While they’re technically not an astronomical phenomenon, don’t go telling that to the webmasters of the various astronomical websites who post photos of them on a regular basis. Now, the mysterious ‘they’ are noctilucent clouds, also known as night-shining clouds because they shine brightly long after the Sun has set, providing a beautiful, yet rare distraction from the regular astronomical sights.
While mysterious, there are some facts that we do know about noctilucent clouds. First, they form when water vapor high in the atmosphere crystallizes into ice when temperatures dip below 200 degrees Fahrenheit. The reason these clouds appear so bright is the sunlight hitting the highly reflective ice crystals that constitute the clouds.
So, what could the clouds ‘telling’ us?
Since the clouds have become more common in recent decades, there may be a dropping of temperature in the mesosphere (where the clouds form), an increase in the amount of water vapor (caused by among other things, greenhouse gasses) in the high atmosphere, or a combination of both. The answer to the question of why the clouds are forming is now the focus of the scientific research trying to understand the mysterious phenomenon of noctilucent clouds.
Want to see the clouds? Well, to begin with, the good news is that late summer tends to be the time when the clouds are typically seen the most often. Next, traveling North may be a good idea as sightings of them at Cleveland latitudes are very rare, but it is possible, especially considering that sightings of the glowing clouds are being reported ever farther South. However, a trip to Canada or Alaska may be your best bet to see these rarest of clouds.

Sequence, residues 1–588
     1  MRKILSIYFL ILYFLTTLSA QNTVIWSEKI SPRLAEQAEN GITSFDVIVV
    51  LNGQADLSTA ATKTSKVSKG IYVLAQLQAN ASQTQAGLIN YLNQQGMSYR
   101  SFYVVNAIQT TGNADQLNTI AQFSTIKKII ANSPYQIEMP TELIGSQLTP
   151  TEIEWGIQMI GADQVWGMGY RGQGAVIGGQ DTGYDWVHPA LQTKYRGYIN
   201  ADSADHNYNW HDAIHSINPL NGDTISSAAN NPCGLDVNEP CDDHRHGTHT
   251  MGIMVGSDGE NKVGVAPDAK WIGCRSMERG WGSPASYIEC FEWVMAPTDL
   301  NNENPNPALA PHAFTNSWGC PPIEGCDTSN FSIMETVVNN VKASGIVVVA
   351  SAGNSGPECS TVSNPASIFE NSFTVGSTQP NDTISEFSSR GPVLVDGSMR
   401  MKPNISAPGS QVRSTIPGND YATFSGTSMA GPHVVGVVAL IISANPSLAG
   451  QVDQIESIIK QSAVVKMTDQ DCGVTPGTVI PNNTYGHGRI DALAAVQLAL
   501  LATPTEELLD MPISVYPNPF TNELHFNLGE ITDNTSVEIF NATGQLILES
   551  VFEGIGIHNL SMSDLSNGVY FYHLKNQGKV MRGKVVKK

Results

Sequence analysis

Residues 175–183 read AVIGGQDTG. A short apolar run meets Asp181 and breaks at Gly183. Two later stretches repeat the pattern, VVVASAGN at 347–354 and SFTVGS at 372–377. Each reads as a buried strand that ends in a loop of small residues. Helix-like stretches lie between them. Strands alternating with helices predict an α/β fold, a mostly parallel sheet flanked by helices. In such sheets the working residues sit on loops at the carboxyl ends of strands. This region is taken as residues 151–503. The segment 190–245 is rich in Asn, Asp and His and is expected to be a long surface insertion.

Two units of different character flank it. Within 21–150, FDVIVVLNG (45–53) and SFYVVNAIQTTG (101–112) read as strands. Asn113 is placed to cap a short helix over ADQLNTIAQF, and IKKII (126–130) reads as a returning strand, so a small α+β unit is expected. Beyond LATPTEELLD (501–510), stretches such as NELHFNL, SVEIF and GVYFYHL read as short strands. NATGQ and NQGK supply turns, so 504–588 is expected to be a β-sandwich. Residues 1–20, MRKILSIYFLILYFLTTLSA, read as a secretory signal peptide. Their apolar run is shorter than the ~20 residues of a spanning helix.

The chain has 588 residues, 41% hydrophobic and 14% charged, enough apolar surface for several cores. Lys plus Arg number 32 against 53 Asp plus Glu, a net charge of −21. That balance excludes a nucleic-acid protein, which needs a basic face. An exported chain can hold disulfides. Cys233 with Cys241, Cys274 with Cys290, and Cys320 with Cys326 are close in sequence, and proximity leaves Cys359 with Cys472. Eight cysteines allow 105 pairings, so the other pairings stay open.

For more info:
All about observing noctilucent clouds
As always, the weather is something to be considered, so, be sure to keep an eye on the Cleveland weather forecastand, for hour-by-hour cloud predictions, the Cleveland Clear Sky Clock. Live somewhere else? Find a clockand see if it will be clear near you. Naturally, sky-obscuring clouds are never the noctilucent variety!
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National Space News Examiner
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For more Cleveland astro news:
Featured sight for week of 8/14: a morning walk with the Dog Star
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NASA to Cleveland residents: look for meteorites
Local meteorite fall story goes national
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